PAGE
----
The first euro-zone rate decision under the new ECB president Mario Draghi comes at a bad timing of a slowdown in the zones’ economies. There’s a significant chance that Draghi will reverse the last rate hike of his predecessor. ECB Preview.
Jean-Claude Trichet held the helm for 8 years and proved to be very tough with the interest rate. In July 2011, Trichet raised the rate for the second time since the 2008 financial crisis erupted to 1.50%, in a decision that was heavily criticized. Draghi will likely take one step backwards.
The main reason for the rate hikes was the rise in inflation. This inflation was mostly pumped through rising prices of oil, as well as other commodities – external supply. Trichet tried to address demand.
Many reasons for cutting the rates
Demand in mot euro-zone countries weakened during the second quarter of 2011 and continued to Q3 and also into October. The German economy grew by only 0.1% in Q2 and the French economy stalled. Overall growth only 0.2%.
More recent figures point to an upcoming recession: purchasing managers’ indices for the zone are below 50, and falling. This means a squeeze in activity. Business confidence, consumer confidence and other indicators are falling.
The most troubled countries in Europe are enduring an extra pain due to high rates which curb lending in an already hostile economic environment.
So, a rate cut of 0.25% can definitely spur growth and is much needed, although it will be a bit too little and too late.
3 reasons for a mild 0.25% cut
- The ECB doesn’t run: The ECB takes its time and doesn’t make hasty moves, to say the least. It moves painfully slowly on the rates.
- Inflation is still high: Recent figures still point to a rise of above 2% in the headline CPI – above target. Core CPI is much lower, but the ECB focuses only on headline inflation – “a single needle in the compass”.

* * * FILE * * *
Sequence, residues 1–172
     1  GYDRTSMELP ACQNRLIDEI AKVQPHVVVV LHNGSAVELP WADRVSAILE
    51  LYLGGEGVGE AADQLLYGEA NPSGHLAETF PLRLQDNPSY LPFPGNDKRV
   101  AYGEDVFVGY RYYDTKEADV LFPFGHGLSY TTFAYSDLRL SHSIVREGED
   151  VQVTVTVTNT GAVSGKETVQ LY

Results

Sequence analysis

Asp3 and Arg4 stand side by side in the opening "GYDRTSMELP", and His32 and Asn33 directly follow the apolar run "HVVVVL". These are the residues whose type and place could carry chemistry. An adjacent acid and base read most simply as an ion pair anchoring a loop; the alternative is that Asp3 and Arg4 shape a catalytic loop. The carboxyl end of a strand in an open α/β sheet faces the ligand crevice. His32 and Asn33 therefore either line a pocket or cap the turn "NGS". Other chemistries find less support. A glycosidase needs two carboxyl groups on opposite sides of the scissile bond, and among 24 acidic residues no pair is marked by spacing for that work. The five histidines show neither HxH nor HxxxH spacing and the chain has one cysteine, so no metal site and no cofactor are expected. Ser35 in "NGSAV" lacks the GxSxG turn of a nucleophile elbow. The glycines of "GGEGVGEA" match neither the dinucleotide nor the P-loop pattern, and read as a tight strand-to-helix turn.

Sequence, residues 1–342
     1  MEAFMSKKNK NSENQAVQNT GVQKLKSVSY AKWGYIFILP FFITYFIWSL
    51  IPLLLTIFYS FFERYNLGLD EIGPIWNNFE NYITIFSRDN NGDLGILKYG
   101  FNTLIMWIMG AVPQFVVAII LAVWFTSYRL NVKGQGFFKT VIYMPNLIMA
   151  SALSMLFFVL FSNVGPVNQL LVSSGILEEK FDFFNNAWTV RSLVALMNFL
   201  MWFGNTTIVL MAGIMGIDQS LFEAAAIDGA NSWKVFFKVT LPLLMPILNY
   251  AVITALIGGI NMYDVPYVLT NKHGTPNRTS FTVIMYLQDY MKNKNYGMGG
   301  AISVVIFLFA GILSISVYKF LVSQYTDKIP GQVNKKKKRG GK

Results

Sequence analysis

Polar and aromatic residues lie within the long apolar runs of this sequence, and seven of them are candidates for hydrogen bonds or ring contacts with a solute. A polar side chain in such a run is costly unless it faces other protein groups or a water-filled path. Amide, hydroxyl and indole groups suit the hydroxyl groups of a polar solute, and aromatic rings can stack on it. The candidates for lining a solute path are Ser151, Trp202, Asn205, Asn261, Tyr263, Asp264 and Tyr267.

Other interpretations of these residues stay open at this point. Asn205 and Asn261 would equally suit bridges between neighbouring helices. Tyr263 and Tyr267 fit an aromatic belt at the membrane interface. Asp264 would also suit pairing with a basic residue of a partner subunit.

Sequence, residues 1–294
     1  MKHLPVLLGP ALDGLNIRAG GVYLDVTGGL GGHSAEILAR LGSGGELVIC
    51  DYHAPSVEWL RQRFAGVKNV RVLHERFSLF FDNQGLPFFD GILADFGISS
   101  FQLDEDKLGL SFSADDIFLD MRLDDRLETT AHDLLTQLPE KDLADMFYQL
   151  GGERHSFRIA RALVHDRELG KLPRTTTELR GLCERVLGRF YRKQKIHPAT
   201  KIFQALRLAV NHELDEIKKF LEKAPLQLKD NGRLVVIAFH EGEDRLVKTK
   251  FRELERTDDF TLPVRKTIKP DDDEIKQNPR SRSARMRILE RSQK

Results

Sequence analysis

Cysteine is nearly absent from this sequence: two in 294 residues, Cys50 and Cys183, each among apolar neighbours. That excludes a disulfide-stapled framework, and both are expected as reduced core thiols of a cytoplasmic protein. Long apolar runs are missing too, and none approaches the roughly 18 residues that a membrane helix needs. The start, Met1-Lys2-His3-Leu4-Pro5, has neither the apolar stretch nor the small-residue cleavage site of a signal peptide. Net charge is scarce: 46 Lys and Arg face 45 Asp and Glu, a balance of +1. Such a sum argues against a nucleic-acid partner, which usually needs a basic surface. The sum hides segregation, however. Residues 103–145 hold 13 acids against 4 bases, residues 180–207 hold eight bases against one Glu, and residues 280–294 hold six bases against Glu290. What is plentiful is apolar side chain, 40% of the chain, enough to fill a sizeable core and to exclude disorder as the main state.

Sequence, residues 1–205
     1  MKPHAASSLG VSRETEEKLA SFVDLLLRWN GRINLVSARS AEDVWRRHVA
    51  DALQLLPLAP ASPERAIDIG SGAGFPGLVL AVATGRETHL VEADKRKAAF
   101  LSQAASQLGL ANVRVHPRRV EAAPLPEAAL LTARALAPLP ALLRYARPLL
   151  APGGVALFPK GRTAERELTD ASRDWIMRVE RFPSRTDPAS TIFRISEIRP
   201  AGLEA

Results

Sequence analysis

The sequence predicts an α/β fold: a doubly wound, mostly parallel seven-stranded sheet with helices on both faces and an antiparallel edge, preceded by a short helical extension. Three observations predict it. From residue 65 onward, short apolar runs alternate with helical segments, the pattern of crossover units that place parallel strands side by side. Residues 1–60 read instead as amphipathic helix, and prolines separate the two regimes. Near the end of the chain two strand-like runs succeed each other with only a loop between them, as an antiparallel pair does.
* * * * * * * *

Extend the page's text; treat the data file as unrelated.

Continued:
- Draghi is Italian: Italy is known for loose monetary policy – low rates which promote growth and also inflation. In his first week on the job, Draghi will not want to live up to this stigma but rather place himself in line with the ECB’s tough mentality that favors a fierce fight against inflation.
A rate cut is mostly priced in, but this isn’t 100% certain. So, the actual decision will still be closely watched. And also the words of Draghi at the press conference will be of high importance.
- If the ECB’s forecasts will be gloomy, and more rate cuts will be on the cards, the euro has a potential of falling quite a bit.
- Balanced message: Draghi can also hint that this move is sufficient for the time being and that no new cuts are likely soon. In such a case, the euro has a potential of running higher.
- Optimistic message: Expressing hope is quite unlikely. If Draghi opts to be extra tough, countering the rate cut, the euro might rise at first, but isn’t likely to buy such promises.
In the unlikely event of a 50bp rate cut, the euro is naturally set to fall. And also if rates remain unchanged, an option which cannot be ruled out, this has a damaging effect on the economy and a rally is unlikely.
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